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Icelandic Swimming Pool Culture

Thursday, 6th June 2024



Since it opened in 1992, the Blue Lagoon has become one of the leading visitor attractions in Iceland. Understandably. It’s an iconic experience that combines the elemental pleasure of bathing in naturally heated water with a striking geographic location – it covers an area of 400,000m² in the heart of the Reykjanes UNESCO Global Geopark. Milky blue geothermal pools are surrounded by black volcanic rock covered in a green moss (and snow in winter), which exemplify Iceland’s unique geology. That the Blue Lagoon is harnessing run of water from a local power plant also speaks of Icelandic ingenuity.

Yet, bathing culture runs far deeper in Iceland’s national psyche than the glamour of the Blue Lagoon and similar geothermal spas. Swimming pools, or Sundlaugar as they are called in Icelandic, are an inherent part of local life. With over 120 of them dotted across the island – a country of around 380,000 – they form a central hub for just about every community in Iceland.

As Clive Stacey, Discover the World’s MD comments, “visitors may not realise how interesting and different the multitude of public outdoor swimming pools are. A place to meet the locals and get a genuinely different perspective of the country”. When more and more, travellers are looking for immersive experiences offering an authentic glimpse of local life, who’d have thought that a trip to the humble local pool could be the place to start.


Such is the significance of Sundlaugar in everyday life in Iceland that “swimming pool culture” has been nominated for World Heritage status under the UNESCO Intangible Cultural Heritage list. Reflecting traditional and contemporary practices in which diverse cultural groups participate such as performing arts, rituals and traditional craftsmanship, the list features specifics such as the “culture of baguette bread” in France as well as “sauna culture” in Finland. For swimming pool culture to be included speaks to its central role in everyday Icelandic life.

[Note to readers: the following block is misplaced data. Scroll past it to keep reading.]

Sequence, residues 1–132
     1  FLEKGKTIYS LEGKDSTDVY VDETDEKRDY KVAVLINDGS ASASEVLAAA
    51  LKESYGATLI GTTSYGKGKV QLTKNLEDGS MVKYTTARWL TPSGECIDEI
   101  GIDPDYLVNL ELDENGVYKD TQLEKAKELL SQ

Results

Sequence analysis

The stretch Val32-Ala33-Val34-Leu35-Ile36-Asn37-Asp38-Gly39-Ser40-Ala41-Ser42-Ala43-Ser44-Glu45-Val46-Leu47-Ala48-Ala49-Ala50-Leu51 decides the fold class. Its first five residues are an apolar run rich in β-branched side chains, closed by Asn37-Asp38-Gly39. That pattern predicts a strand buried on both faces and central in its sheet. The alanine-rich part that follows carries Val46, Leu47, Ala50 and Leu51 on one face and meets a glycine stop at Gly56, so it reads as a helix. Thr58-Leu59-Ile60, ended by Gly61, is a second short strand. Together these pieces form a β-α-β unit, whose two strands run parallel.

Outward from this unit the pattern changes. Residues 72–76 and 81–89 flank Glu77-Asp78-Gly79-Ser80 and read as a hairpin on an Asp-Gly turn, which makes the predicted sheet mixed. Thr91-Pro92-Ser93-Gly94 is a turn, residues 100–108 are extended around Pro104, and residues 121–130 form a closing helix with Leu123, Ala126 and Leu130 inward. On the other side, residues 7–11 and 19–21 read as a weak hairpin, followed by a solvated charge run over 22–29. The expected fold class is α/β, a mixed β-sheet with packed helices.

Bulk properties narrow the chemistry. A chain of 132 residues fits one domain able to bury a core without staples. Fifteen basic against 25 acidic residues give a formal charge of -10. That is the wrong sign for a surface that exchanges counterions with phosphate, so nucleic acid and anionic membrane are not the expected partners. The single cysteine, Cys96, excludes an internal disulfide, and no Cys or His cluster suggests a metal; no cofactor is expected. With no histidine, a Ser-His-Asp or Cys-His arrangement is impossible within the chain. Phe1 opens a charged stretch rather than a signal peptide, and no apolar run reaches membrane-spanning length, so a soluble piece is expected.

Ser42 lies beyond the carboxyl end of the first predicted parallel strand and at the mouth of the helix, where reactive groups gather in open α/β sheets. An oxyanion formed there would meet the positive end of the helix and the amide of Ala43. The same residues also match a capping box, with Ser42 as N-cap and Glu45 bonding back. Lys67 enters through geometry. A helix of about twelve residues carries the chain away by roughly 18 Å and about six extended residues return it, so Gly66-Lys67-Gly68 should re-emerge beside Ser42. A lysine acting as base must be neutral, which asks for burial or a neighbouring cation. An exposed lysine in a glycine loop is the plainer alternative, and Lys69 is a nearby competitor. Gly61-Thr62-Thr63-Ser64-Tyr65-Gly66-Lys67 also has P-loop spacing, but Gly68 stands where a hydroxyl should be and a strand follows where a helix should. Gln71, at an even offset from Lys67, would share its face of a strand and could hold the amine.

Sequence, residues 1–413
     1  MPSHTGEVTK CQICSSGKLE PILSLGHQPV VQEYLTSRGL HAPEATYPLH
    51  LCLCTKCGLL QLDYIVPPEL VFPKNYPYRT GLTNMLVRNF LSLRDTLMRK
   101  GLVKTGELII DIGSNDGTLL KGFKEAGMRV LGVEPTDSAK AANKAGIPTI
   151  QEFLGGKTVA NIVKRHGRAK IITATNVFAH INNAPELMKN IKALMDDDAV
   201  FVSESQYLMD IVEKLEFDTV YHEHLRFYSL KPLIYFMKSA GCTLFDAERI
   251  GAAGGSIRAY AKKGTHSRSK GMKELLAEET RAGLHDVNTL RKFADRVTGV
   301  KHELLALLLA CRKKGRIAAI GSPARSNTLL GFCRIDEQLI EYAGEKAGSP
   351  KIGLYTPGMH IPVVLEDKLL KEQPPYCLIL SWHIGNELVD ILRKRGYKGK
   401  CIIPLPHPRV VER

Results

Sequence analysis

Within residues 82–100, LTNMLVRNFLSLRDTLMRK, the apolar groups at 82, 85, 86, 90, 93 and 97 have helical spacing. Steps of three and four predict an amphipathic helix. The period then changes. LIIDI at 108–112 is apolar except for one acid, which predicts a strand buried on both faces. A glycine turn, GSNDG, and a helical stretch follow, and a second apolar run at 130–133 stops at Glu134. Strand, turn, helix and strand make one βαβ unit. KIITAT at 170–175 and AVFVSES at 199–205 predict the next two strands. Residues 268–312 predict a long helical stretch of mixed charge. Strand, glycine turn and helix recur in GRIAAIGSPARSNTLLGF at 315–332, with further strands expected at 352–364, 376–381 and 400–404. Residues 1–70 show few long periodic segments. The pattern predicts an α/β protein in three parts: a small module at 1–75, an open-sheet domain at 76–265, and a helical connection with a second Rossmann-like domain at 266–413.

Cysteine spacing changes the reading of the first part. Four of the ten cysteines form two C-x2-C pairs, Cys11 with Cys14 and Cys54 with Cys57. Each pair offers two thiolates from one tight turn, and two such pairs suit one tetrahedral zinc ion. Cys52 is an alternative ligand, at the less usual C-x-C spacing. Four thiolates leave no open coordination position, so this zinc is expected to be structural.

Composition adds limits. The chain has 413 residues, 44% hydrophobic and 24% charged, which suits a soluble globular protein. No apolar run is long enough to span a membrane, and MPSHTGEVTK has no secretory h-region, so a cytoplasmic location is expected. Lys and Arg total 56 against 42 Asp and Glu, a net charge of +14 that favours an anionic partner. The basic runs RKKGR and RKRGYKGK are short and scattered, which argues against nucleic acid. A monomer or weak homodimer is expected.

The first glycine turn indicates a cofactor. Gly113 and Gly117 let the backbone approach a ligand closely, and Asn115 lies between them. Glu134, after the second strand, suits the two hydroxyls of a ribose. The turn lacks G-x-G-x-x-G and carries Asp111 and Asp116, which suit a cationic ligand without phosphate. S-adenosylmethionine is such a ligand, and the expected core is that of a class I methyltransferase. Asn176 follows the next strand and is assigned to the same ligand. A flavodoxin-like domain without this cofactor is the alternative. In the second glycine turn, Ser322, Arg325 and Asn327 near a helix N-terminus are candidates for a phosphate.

So, why are swimming pools in Iceland so popular?

Firstly, there is the obvious fitness boon of regular cardio exercise. Yet wellness benefits extend beyond simple exercise with hot/cold treatments also popular – combining cold water plunges with warm water recovery. Beyond the physical effects, there is also a core social element, whereby locals from all walks of life come together in one place without ceremony or hierarchy. On any given day, you might find the major chatting to the milkman. Full-stack developers chatting with farmers.


Many of the pools in Iceland harness geothermally heated water, but geothermal energy is not universal around the country. That isn’t a barrier to bathing though. In areas where naturally heated water sources aren’t available, swimming pools are heated with hydroelectric power.

Iceland is not known for its balmy climate. The clue is in the name after all. Yet the best swimming experiences are in outdoor pools. And far from being a summer activity, much of the appeal comes from diving into warm water on a bracing winter’s day.

The other thing about Iceland’s swimming pools is that you don’t pay much for entrance fees. Average entry fees are under £10. Of course, they are more basic than the carefully cultivated spas and lagoons around the country, which tend to focus on a holistic wellbeing experience,  but they offer an authentic slice of Icelandic life.

Take a peak at some of the Iceland’s most scenic pools.

Icelandic Pools with a View


Imagine getting in a few laps whilst gazing out across Eyjafjörður - the long fjord in North Iceland. The pool at Grenivík, is around 29°C and offers just this with views over the fjord to Kaldbakur mountain. Adjacent hot and cold tubs are allow for a fully invigorating experience.

iceland west fjords patreksfjordur beach and bay rth

At only 16.7m long, the outdoor swimming pool in Patreksfjörður boasts stunning views over the Westfjords. There are also two hot tubs, a childrens' pool, sauna and sunbathing area.


The swimming pool in Hofsós in the north is one of the most beautiful in Iceland. Built in the hillside, it overlooks the fjord over to Drangey island. A compact lap pool its around 30 – 31°C and there is a hot tub too.

Feeling inspired?

If you’d like to dip into Icelandic swimming pool or bathing culture on your holiday, get in touch with our Iceland specialists or browse our collection of independent self drives holidays or let us tailor make something just for you.

Get in touch on 01737 214 250 or you can send an enquiry.